was still a young country in the 1850’s and there was very little settlement west of the
at that time. In an effort to encourage pioneer movement toward the Pacific, Congress authorized the Postmaster General to contract for mail service from
The mail would be delivered via stagecoach and would run twice a week and not exceed 25 days in duration. A map showing the original route is shown above. A description of the overall route can be read by clicking on "BUTTERFIELD OVERLAND MAIL"
A route was selected that passed through the southern portion of the territory that included North Texas and
. The contract was awarded to
native John Butterfield in 1857 and service started the next year.
The original route the stage followed through this area was from
to Jacksboro that included three stops between these two towns and followed a path located in northern
. According to A.C. Greene, author of 900 Miles on the Butterfield Trail, passengers were able to get a quick meal while the team of horses was changed in
and then on to the next station operated by Dr. J.F. Davidson. Twenty miles west of Davidson was the next stop called Connolly located three miles southeast of the present town of
Captain Joseph Earhart’s house was situated just inside
and was the next station on the route. From here, the line crossed the West Fork of the
east of Jacksboro but the stage often encountered a flooded river that made the crossing more difficult and time consuming. A route map of this section through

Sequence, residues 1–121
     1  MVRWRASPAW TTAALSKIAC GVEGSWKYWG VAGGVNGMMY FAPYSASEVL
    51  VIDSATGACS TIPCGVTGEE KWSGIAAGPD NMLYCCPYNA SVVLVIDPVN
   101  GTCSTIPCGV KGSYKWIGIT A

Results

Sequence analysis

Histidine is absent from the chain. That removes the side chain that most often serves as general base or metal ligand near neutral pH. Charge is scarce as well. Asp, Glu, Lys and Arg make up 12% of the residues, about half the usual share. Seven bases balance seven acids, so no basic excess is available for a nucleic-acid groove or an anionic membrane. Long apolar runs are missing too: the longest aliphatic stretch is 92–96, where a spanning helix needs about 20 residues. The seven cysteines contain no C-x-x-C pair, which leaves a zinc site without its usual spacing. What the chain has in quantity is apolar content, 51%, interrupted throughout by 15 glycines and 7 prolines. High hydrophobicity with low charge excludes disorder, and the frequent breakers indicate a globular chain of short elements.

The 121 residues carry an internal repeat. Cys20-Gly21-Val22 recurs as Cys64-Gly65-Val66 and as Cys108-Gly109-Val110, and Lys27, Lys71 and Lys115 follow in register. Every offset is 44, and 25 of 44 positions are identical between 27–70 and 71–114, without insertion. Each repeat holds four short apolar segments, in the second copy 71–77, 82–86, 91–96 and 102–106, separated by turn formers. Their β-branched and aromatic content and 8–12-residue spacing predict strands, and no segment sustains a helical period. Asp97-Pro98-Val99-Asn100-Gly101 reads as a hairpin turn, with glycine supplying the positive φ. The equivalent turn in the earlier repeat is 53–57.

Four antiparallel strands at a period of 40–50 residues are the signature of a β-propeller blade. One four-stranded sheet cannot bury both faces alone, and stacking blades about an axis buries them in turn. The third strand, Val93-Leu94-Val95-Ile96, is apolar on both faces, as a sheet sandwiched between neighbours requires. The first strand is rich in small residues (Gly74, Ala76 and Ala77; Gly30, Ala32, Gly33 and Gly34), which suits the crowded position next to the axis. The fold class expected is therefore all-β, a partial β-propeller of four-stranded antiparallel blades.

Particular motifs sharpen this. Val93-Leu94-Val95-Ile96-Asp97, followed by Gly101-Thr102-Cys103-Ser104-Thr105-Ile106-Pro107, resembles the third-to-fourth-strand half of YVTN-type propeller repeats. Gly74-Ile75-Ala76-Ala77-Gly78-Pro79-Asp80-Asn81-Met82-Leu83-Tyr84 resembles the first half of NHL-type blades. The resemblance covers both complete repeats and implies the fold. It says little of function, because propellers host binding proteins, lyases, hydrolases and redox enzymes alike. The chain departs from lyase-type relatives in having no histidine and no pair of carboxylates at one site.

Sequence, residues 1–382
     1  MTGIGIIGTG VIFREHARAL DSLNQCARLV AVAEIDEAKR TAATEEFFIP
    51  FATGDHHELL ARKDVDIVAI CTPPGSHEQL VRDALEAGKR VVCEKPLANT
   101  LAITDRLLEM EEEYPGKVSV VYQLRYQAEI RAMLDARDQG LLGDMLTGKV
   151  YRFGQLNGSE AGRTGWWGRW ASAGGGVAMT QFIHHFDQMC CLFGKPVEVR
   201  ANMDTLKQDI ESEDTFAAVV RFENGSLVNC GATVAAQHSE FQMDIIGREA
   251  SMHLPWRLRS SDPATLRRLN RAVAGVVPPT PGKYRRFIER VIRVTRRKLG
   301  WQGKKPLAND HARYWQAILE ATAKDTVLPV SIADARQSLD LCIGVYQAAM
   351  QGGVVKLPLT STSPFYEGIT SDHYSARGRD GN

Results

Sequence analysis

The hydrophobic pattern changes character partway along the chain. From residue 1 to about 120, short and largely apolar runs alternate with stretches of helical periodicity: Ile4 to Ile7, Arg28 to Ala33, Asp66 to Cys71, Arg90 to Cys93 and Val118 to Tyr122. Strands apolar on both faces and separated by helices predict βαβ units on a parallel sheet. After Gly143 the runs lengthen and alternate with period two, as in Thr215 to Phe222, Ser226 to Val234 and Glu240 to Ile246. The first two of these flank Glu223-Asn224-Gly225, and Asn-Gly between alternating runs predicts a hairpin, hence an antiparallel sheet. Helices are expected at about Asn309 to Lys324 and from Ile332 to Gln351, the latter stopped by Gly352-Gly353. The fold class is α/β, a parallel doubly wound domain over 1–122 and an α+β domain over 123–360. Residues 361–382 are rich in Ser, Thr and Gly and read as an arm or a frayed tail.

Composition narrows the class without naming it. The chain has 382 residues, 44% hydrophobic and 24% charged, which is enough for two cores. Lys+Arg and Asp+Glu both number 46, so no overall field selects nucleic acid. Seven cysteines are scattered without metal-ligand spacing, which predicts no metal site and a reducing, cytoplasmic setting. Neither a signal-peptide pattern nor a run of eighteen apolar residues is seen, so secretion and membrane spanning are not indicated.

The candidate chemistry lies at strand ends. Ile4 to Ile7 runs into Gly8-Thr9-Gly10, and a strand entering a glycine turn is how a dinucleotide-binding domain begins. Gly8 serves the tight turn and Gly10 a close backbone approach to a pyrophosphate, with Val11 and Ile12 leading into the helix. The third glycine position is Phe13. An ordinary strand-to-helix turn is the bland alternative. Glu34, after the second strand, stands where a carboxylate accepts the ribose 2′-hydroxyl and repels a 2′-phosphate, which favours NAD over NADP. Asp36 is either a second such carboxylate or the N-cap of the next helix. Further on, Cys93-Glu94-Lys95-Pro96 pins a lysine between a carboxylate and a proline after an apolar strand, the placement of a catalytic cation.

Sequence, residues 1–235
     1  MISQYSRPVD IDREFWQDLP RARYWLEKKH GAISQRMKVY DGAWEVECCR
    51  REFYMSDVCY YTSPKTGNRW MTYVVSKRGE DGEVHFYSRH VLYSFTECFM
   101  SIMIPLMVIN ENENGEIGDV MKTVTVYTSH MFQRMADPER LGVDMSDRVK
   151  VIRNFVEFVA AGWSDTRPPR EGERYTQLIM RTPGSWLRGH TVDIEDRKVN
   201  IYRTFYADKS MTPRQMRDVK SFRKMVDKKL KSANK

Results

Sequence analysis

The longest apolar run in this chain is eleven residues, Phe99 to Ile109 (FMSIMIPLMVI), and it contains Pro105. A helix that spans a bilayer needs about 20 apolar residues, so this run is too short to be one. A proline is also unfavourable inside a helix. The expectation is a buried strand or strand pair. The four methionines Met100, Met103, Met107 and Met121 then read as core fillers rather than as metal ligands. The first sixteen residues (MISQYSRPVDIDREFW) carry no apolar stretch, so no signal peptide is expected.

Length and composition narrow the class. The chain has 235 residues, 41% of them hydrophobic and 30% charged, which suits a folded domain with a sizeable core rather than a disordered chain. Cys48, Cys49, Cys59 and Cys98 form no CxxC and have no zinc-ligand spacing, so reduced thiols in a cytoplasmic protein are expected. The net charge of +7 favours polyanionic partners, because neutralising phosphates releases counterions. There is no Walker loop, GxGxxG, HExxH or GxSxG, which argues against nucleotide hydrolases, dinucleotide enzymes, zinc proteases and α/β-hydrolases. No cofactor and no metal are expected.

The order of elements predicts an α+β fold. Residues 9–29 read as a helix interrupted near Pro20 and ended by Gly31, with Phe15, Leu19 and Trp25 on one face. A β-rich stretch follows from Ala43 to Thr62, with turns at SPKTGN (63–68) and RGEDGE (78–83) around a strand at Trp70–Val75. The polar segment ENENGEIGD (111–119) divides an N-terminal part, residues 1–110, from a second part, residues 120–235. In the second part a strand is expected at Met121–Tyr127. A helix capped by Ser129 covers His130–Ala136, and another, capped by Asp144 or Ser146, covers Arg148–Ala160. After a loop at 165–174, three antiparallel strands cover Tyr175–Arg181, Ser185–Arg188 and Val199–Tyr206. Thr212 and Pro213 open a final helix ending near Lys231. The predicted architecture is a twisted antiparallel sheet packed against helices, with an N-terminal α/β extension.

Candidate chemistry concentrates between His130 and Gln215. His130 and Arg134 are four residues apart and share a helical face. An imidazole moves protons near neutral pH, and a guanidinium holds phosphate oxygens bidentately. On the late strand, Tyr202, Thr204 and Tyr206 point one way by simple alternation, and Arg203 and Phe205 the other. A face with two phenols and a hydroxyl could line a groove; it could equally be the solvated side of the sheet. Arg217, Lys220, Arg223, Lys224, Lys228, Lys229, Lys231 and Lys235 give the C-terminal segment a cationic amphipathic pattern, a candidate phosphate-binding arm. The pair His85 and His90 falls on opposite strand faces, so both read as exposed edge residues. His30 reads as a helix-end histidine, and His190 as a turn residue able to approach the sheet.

may be viewed by clicking on “Map”. The original route is shown in “Blue” on the map.
About that time, a Colonel William Hunt and several colleagues from
received a charter from the state to build a toll bridge across the West Fork of the Trinity. Butterfield was persuaded to re-route the stage across the toll bridge and dropped the previous stations in favor of the toll bridge route. The new route traversed the area just north of Wizard Wells and included a stop in
. This route is shown in “Red” on the “Map”
The Butterfield Overland Mail operated in
from 1858 until 1861 when the route was moved farther north for various reasons. The original wooden toll bridge collapsed and was later replaced with a steel bridge in 1883. The old town and toll bridge were located south of
on Highway 920 and the site is noted with a state historical marker.
The decision to send the mail over the southern route changed
history. Towns such as
helped establish the frontier and the “impossible” stage ride through what is now our backyard helped create a legend symbolizing the Old West. This heritage and spirit is continued and celebrated today during the annual Butterfield Stage Days held each May. Prior to the annual Butterfield Stage Coach Days in 2008, a replica of Butterfield Stage Coach was purchased by the Bridgeport Chamber of Commerce and was displayed to the public in March of 2008. Photos of this display can be viewed by clicking on "Stage Coach".
A description of the coaches used on the southern route can be found in Gerald T. Ahnert's report titled "Butterfield Overland Mail Company Stagecoaches and Stage (Celerity) Wagons used on the Southern Trail" To read this report click on "Southern Trail".
Additional discussions on how the Butterfield Overland Mail Company initiated the development of
can be read by clicking on “Old
This information and maps complied by Ken Sprecher